3. Lifestyle claims: A Facebook and Twitter search can also help identify red flags. A “strict vegetarian” having a great time at KFC is a cause for concern.
Here is an example. A girl met a boy at a club. They hit it off well but the girl did not have the contact information of her crush and she posted a Facebook post asking for help in finding her man. Her post goes viral and she discovers that her crush already had a girlfriend!
Most people may not think through the implications of sharing everything on Facebook and this is helpful for once!
When you indeed find red flags, keep in mind the fact that most online matrimony profiles or marriage biodata are created by parents. Sometimes, parents may be in the dark about their children’s preferences and lifestyle.
If you find contradictory information in the marriage biodata, it may not always be a premeditated scam. But, you should keep your eyes open and verify everything.
Red flags during arranged marriage first meetings
Arranged marriage first meetings is a breeding ground for red flags! When you meet your prospective match and the family members, observing the body language, the questions they ask you, and their behaviour can throw up red flags. Here are some practical approaches to spot these red flags.
4. Is that the same person? Does the prospective match look similar to the profile photo online matrimony profile/biodata? This is very important as people sometimes go to great lengths to project a completely different image of themselves to attract prospective matches. If there is a big difference in how the prospective match looks when compared to that of the photograph you may have seen, it’s a big red flag!
5. Lack of interest: If the prospective match seems uninterested in a conversation, there could be several reasons – shyness or no interest in getting married. In some cases, they may actually be in a relationship and showed up for the meeting under pressure. In any case, lack of interest is a red flag that needs further investigation.
6. We just want the usual: If you hear the word dowry or any other question that hints at ‘gifts’, it’s a big red flag. Check out some of the indirect ways parents of prospective matches can bring up the D word!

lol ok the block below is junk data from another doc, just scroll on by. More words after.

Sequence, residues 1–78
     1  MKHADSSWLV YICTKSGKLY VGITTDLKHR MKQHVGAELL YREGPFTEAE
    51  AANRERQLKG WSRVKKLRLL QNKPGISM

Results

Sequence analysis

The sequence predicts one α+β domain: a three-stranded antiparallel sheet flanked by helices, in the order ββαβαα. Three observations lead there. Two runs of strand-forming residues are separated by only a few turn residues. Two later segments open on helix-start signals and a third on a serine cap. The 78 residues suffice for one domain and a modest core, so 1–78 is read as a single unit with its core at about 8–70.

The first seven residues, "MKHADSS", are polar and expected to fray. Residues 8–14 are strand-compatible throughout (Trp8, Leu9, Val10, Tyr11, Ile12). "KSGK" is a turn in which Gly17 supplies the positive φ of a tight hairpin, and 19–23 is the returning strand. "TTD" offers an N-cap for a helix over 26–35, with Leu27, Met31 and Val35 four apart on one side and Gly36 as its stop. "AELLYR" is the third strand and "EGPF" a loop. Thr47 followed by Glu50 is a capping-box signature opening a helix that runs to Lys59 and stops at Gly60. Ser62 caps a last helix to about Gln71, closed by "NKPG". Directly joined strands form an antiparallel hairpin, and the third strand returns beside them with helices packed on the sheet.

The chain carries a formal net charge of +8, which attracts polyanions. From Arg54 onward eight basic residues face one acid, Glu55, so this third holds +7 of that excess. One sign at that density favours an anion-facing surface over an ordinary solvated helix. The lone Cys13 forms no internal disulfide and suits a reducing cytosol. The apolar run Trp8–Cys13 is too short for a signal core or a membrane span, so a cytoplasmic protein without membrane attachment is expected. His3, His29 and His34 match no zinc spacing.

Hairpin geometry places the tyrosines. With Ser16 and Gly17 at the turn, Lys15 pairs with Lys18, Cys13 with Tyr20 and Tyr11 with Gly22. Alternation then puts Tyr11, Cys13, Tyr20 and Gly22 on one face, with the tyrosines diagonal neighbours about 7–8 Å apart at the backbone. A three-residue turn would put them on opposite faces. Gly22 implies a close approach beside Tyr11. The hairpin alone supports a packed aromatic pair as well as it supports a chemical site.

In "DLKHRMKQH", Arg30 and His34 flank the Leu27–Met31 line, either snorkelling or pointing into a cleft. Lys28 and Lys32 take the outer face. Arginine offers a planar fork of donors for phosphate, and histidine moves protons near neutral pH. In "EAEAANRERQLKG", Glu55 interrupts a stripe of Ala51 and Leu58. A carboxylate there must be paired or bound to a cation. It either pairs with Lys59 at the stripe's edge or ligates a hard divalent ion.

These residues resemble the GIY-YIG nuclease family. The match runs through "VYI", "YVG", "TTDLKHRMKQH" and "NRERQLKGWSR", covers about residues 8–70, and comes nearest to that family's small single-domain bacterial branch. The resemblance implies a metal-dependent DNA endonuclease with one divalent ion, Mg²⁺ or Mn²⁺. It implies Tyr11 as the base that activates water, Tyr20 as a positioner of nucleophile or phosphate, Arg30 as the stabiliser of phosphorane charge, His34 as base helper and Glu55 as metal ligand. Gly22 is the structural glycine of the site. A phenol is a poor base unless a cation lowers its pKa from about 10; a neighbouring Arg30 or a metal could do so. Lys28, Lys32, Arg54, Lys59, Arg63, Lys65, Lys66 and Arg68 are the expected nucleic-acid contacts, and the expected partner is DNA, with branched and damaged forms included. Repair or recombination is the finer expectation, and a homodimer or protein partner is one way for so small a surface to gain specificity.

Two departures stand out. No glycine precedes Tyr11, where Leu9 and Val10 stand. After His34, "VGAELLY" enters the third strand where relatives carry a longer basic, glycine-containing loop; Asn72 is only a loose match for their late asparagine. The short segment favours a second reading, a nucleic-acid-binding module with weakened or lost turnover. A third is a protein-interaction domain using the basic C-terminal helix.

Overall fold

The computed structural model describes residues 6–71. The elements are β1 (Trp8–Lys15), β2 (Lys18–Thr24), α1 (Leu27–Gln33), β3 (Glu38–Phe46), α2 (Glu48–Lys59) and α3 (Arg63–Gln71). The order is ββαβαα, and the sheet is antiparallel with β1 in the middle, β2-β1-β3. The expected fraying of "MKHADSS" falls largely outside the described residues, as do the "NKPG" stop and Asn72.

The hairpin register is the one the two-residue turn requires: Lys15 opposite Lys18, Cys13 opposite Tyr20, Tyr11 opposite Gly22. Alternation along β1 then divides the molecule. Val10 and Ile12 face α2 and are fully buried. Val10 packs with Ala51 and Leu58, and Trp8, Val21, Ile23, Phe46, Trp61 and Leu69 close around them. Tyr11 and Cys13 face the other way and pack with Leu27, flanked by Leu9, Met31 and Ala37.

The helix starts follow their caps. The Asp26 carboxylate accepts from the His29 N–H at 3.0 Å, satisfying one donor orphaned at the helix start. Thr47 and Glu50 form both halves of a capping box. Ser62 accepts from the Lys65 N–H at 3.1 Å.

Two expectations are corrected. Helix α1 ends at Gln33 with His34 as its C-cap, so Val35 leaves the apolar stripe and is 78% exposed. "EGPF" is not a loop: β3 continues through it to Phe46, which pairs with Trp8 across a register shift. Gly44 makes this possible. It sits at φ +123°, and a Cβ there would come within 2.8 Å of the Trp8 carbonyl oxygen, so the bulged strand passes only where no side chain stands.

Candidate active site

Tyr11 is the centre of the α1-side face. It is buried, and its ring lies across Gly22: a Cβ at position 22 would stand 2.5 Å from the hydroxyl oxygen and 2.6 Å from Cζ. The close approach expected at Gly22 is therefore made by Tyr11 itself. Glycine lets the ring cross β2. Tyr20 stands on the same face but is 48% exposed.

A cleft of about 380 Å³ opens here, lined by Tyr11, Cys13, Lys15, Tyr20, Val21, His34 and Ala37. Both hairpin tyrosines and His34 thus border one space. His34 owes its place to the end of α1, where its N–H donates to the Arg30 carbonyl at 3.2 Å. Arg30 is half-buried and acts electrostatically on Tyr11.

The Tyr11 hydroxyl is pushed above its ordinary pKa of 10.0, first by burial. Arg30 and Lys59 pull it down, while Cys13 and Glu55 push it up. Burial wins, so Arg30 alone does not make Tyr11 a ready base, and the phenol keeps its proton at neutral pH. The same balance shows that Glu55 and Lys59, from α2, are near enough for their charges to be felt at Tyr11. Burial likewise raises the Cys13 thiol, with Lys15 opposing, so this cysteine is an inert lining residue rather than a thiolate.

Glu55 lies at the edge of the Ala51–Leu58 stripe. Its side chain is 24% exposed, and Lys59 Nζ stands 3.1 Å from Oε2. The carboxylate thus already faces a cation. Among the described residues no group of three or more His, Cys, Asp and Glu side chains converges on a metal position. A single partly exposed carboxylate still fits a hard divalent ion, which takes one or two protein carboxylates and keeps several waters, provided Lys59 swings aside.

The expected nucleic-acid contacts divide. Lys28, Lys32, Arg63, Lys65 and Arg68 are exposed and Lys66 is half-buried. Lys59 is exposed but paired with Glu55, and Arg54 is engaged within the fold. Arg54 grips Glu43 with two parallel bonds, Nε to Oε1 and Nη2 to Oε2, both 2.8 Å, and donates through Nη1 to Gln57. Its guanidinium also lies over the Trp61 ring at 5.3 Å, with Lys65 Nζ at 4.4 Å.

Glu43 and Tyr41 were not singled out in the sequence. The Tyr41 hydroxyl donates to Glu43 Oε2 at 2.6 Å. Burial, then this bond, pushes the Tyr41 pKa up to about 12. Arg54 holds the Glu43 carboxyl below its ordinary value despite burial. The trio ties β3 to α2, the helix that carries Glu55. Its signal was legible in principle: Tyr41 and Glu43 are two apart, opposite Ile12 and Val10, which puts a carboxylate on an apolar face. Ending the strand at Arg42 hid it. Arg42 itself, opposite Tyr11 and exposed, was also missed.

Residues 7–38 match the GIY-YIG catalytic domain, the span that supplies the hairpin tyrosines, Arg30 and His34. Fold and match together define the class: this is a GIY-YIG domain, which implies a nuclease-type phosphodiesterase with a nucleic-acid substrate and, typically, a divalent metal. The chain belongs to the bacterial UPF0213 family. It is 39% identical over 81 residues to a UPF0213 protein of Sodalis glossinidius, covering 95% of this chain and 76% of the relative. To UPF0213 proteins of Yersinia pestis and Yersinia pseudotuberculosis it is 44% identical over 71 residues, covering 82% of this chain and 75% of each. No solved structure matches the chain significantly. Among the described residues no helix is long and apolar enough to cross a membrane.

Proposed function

7. Run from the crazies: If you hear anything strange or unbelievable, it’s probably true. Run! Here is an example.
Red flags after engagement and before marriage
In some arranged marriages, the skeletons will start tumbling from the cupboard after the engagement! Here are a couple of red flags in arranged marriages that you should keep an eye for after the engagement.
8. Strange behaviour: Behavioral quirks during one-on-one dates after the engagement can be big red flags depending on what you consider as appropriate.
Here are some examples:
a. Your fiance mistreats waiters at restaurants or does anything else that’s culturally and socially not OK.
b. Demonstrates controlling behaviour about what you wear, what you eat, and even tells you how fast the fan should be running on a hot day!
c. Dwells on past relationships. This could mean your fiance hasn’t moved on.
d. Forces you to do anything that makes you uncomfortable or anything you are not ready for.
9. Turncoats: Change in the behaviour of your future in-laws. Sometimes, people can put up an act to mask their real intentions. But after the engagement, when they know you are committed to the relationship, their real intentions come to the front. Example: If they start asking you about dowry or if the bride’s family suddenly starts putting pressure on the bridegroom to find a better job. Beware of turncoats!
In summary, pay attention and share your concerns openly when you spot red flags in arranged marriages. Never come under any pressure to sweep these red flags under the carpet. Indian society values tolerance and places great emphasis on tolerating hardships without complaints. However, if you choose to ignore red flags you will be left holding the pieces of a ruined marriage.